JEWELLERY &
GARMENT

An Exhibition of
Contemporary Jewellery
and Fashion

OPENING: July 7th 2022, 6pm

"Jewellery & Garment" is an interplay between the two sister disciplines of jewelry and fashion. Positions of contemporary author's jewelry are shown together with vintage avant-garde fashion from private collections. Since the 1960s, an international scene of jewelry makers has emerged who place the artistic idea at the center of their work. In addition to early approaches that radically break with a traditional conception of jewelry, the exhibition also shows works by a following generation of artists who not only fight against conventions, but also devote themselves to current socially relevant themes in this increasingly complex present. These are innovative and experimental works with an individual handwriting, carried by the zeitgeist of their creation, but independent of seasonal fashions. Jewelry and fashion are presented in the exhibition as an equal, corresponding unit. Curated by Svenja John & Petra Zimmermann

JEWELLERY
David Bielander: Banana pendant, 2010, Silver, leather | Banana Anhänger, 2010, Silber, Leder 6 7/10 × 1 1/5 × 1 1/5 in, 17 × 3 × 3 cm Edition / 12 Yutaka Minegishi: „Spiral“ ring, 2010, Ebony, „Lippen“ ring, 2010, Ebony, Pink Ivory (Berchemia zeyheri) untitled 2016 | „Spiral“ Ring, Ebenholz 2010, „Lippen“ Ring Ebenholz, 2010, Pink Ivory (Holz, Berchemia zeyheri) Ring ohne Titel 2016
GARMENT
20471120: Jacket, sheep leather A/W 1998 | Schafsfelljacke Herbst/Winter 1998 Ann Demeulemeester: Dress, early 2000´s | Kleid aus den frühen 200ern Photo: René Arnold, digital imaging: Wolfram Otto, model: Susanne Schmidt

JEWELLERY&GARMENT is an exhibition project within the frame program of the Frankfurt Fashion Week that links contemporary author jewellery to the avant-garde fashion of the 90s. In the 1960s, a small, international scene of jewellery makers emerged. Its members place artistic concepts at the center of their work, thereby freeing themselves from traditional conceptions of jewellery. In recent decades ‘author jewellery’ has established itself internationally as an artistic medium and entered the collections of numerous art and design museums. Shaped by the zeitgeist at their time of genesis but independent from seasonal trends, the works are simultaneously experimental, innovative, and original. They are objects of lasting value.

The selection ranges from the pioneering generation's radical positions of Dorothea Prühl,
Daniel Krüger, and Peter Scubic to those of a younger generation of artists represented by David Bielander, Helen Britton, Karl Fritsch, Svenja John, Yutaka Minegishi, Lisa Walker, and Petra Zimmermann. Above fighting conventions, younger artists address the socially relevant current issues of our increasingly challenging times.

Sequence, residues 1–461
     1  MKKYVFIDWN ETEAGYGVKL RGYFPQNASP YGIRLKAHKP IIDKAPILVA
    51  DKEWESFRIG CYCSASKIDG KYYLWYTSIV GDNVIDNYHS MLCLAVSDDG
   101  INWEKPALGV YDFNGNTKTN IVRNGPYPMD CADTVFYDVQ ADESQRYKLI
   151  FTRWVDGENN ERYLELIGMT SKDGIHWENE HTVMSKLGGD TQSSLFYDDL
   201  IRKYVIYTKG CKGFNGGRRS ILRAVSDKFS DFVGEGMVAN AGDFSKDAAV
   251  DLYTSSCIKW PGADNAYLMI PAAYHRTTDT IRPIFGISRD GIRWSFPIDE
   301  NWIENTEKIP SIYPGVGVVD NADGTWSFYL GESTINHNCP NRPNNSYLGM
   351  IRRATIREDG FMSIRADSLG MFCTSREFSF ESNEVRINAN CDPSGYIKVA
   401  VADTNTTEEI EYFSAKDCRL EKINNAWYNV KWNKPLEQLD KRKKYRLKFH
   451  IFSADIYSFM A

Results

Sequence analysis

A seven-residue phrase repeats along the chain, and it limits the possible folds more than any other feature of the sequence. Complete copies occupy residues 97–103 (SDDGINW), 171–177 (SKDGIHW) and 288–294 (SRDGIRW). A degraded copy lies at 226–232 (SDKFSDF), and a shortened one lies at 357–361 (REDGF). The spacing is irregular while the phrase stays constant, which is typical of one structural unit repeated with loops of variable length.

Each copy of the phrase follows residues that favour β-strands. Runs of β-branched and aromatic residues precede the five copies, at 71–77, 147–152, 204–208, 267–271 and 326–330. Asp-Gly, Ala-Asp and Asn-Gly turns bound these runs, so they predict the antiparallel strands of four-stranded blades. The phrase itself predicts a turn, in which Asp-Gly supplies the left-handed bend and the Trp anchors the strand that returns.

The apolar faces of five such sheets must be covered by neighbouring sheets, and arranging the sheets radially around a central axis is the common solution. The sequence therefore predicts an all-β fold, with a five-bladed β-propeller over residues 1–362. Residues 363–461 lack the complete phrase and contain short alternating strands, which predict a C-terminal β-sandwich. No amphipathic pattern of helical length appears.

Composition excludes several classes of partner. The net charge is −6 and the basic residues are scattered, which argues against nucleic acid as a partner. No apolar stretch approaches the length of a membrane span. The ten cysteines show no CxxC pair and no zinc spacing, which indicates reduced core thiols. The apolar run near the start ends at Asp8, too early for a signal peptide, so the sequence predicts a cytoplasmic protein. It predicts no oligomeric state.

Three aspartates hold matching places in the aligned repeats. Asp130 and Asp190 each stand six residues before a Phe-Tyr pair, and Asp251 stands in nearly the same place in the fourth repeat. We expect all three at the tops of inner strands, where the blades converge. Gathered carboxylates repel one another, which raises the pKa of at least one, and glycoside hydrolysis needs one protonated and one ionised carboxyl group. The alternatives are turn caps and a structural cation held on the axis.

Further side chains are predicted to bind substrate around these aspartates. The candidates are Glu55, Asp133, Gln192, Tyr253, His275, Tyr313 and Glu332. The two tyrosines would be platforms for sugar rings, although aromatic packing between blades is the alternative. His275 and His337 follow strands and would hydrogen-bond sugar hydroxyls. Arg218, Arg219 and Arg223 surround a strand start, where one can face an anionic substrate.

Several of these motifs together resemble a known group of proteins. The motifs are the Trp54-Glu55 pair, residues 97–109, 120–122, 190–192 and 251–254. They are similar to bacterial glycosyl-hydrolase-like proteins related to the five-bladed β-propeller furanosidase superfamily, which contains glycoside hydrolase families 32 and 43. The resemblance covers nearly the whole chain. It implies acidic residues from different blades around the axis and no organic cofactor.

Whereas contemporary jewellery artists remain generally known only to connoisseurs, the exhibited viewpoints from the fashion world bear the field's most illustrious names including Yohji Yamamoto, Martin Margiela, and Ann Demeulemeester.

Each garment assigned to a piece of jewellery is an iconic piece of fashion, gathered from an international second-hand source or loaned from a private collection. Above the second-hand character of a piece of clothing, something else defines its sustainability: concept and form shape a discourse that never ceases to negotiate the interrelations of body, space, and society. Such fashion leaves a decisive impact on new generations of designers.

Discourse and impact demonstrate the selected garment's intrinsic value, untouched by novelty or seasonal trends.

On multiple levels, the shown jewellery lives up to the central theme of Frankfurt Fashion Week: Sustainability. On display are unique pieces as well as small editions, predominantly artist-made works from within their studios. This kind of manufacture does not encounter the same problems industrial production may face. Labor in the studio can not be reduced to a 'renaissance of craftsmanship' in the goldsmith's workshop but can be compared to work in an open laboratory or artist’s studio. In it, artists pursue the visualization of artistic ideas in the most diverse ways. High-tech materials and new technologies have their place here equal to found objects, historic set-pieces and re- and upcycling strategies.

This exhibition's jewellery and fashion take a broader view of sustainability that is not primarily concerned with the output and consumption of products. This perspective points to a kind of esthetic sustainability that emerges through the intangible value of art and reveals itself equally to the artist and viewer.

On par and in agreement, the pieces of jewellery in this exhibition form a unit with the garments. They are poised to meet their prospective wearer who will make them their own and let them shine in a new context.